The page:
An H-2B Preview: Our Interactive Tool and Economic Analysis



The Immigration and Nationality Act (INA) requires that the hiring of a foreign worker will not adversely affect the wages and working conditions of U.S. workers employed in comparable work. To comply with the INA, the Department of Labor (DOL) mandates that a foreign worker must be offered at least the prevailing wage for the occupation and area in which the work will be done. For H-2B visa holders engaged in seasonal work in less-skilled jobs the prevailing wage is the mean wage for the detailed occupation and work location of the job, based on the most recent Occupational Employment and Wage Statistics (OEWS) data.

Each July the DOL’s Office of Foreign Labor Certification (OFLC) produces an online wage library that allows interested parties to search for prevailing wage determinations for visa programs. We have produced a preview of the online wage tool based on OEWS data released in April here. Our preview is possible because H-2B prevailing wages for many jobs in many areas have already been determined. This article summarizes the prevailing wage information that we preview in our wage tool.


Employers in many industries rely on H-2B visa workers during peak seasons at different times of the year. While landscaping businesses and hotels and resorts employ the most seasonal workers on H-2B visas, other businesses hire H-2B workers in a variety of occupations. A business’s ability to hire foreign seasonal workers if they are unable to hire enough domestic workers during their peak season is limited by the cap on H-2B visas that is typically exhausted early within each visa application period. The incentive to hire workers on H-2B visas, and the benefits of the program to the U.S. economy, are also limited by H-2B prevailing wages that can be inaccurately high.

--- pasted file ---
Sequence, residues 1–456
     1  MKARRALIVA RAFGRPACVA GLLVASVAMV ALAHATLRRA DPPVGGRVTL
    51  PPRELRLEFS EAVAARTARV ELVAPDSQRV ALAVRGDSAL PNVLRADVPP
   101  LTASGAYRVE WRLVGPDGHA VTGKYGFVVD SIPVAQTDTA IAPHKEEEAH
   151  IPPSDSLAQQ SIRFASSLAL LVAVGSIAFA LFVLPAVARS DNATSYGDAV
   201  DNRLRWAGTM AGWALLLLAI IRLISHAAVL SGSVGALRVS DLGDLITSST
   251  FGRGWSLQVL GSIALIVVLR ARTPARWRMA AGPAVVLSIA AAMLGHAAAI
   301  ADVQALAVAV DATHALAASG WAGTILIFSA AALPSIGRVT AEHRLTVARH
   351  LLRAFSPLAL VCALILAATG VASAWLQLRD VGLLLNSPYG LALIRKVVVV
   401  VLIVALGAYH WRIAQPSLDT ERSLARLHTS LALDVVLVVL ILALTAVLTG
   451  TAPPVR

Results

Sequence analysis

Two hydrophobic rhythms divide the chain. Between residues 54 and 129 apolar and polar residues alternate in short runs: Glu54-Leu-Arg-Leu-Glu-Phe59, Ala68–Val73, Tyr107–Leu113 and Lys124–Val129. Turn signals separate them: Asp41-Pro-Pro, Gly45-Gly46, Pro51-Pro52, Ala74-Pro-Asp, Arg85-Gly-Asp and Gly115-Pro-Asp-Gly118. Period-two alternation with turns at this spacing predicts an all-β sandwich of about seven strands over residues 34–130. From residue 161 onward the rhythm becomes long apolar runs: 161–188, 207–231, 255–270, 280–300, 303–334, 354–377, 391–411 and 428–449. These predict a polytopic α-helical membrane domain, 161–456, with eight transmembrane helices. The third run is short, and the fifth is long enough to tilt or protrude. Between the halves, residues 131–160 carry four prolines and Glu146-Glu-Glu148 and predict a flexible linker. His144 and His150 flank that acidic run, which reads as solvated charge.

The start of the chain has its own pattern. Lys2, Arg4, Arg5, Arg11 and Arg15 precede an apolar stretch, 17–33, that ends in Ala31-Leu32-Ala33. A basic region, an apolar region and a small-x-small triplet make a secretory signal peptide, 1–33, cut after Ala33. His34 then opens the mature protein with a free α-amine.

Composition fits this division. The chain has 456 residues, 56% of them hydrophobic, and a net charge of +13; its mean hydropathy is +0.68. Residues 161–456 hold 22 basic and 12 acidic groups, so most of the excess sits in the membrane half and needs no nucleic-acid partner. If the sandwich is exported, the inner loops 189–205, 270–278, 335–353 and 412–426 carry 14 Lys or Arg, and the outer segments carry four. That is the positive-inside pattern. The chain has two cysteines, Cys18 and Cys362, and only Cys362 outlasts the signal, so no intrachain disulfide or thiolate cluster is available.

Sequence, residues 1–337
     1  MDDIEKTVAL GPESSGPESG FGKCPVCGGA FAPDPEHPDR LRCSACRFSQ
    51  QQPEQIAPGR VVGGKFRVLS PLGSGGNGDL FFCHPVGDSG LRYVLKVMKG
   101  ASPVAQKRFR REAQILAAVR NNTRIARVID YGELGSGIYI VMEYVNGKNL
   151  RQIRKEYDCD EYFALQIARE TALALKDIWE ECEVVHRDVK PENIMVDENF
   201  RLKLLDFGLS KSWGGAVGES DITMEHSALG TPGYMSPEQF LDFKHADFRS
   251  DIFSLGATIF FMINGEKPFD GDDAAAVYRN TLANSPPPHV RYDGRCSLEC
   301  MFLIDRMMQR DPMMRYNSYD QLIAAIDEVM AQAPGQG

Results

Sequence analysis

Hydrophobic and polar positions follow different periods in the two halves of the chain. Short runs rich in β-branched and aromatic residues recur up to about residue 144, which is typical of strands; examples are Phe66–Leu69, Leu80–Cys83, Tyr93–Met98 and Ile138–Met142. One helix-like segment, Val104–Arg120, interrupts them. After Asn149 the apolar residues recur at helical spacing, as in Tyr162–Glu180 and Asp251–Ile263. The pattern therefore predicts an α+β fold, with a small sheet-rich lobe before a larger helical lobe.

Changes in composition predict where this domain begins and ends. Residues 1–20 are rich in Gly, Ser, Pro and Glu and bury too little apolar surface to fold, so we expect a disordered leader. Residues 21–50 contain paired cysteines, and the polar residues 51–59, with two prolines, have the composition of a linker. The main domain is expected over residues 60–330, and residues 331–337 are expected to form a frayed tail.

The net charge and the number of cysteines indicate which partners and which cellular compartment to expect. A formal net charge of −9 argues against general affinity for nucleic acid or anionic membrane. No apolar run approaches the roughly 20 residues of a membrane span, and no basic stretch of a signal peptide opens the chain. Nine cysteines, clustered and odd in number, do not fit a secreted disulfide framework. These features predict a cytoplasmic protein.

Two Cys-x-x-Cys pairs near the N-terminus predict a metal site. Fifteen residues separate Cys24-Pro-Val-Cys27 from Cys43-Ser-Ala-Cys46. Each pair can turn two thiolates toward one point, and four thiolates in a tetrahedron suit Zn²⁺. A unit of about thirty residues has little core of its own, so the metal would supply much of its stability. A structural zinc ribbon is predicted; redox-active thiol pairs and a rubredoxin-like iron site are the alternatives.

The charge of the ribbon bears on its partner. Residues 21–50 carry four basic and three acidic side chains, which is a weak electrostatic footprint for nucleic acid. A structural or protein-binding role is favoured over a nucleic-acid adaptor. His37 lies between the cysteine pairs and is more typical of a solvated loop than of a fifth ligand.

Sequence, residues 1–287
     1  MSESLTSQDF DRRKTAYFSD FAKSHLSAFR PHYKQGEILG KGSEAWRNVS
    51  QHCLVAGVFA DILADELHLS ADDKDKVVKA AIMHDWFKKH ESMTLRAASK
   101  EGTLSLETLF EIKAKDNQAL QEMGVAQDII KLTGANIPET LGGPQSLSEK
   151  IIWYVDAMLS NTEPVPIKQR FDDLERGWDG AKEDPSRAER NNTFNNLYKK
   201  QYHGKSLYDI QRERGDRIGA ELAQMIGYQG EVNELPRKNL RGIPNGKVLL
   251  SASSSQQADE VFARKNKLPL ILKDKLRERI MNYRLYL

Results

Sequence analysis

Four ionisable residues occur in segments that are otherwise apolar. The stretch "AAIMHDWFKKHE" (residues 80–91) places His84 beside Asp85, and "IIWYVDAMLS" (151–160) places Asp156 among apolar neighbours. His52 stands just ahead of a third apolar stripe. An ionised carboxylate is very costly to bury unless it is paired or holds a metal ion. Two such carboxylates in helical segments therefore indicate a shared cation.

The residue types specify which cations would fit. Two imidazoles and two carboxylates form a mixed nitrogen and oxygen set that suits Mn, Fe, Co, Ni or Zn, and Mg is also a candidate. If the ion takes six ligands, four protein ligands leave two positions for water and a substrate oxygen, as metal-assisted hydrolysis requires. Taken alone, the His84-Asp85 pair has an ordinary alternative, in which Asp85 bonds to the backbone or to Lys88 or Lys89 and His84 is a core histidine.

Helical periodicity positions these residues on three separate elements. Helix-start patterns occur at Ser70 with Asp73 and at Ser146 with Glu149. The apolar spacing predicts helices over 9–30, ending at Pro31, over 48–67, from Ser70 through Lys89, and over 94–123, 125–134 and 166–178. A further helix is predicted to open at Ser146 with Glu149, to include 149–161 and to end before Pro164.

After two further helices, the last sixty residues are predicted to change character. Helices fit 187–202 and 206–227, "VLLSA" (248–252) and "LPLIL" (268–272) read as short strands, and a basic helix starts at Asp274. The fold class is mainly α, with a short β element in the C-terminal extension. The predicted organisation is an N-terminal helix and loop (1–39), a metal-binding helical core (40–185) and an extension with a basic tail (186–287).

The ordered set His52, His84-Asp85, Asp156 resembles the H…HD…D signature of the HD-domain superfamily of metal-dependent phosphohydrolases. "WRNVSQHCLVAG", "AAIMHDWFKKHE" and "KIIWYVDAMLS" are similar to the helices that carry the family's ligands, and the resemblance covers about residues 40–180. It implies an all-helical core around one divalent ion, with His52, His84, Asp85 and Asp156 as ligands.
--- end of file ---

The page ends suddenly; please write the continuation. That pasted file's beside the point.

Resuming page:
The OEWS does not calculate a mean wage at the local area if there are too few workers in the occupation and area.[1] In such cases the DOL sets the prevailing wage based on a more aggregated area such as the state or national level. Our online tool is limited to the top 34 detailed occupations, in terms of H-2B visa requests, with prevailing wage determinations for at least 300 (of 522) labor market areas. Previews of prevailing wages for occupations with fewer local area mean wages in the OEWS would require projections of the level of geographic aggregation that the DOL will use in its wage setting process.[2] Table 1 shows the range of prevailing hourly wages that employers will face beginning July 1 for the 20 most common H-2B occupations in our online wage tool.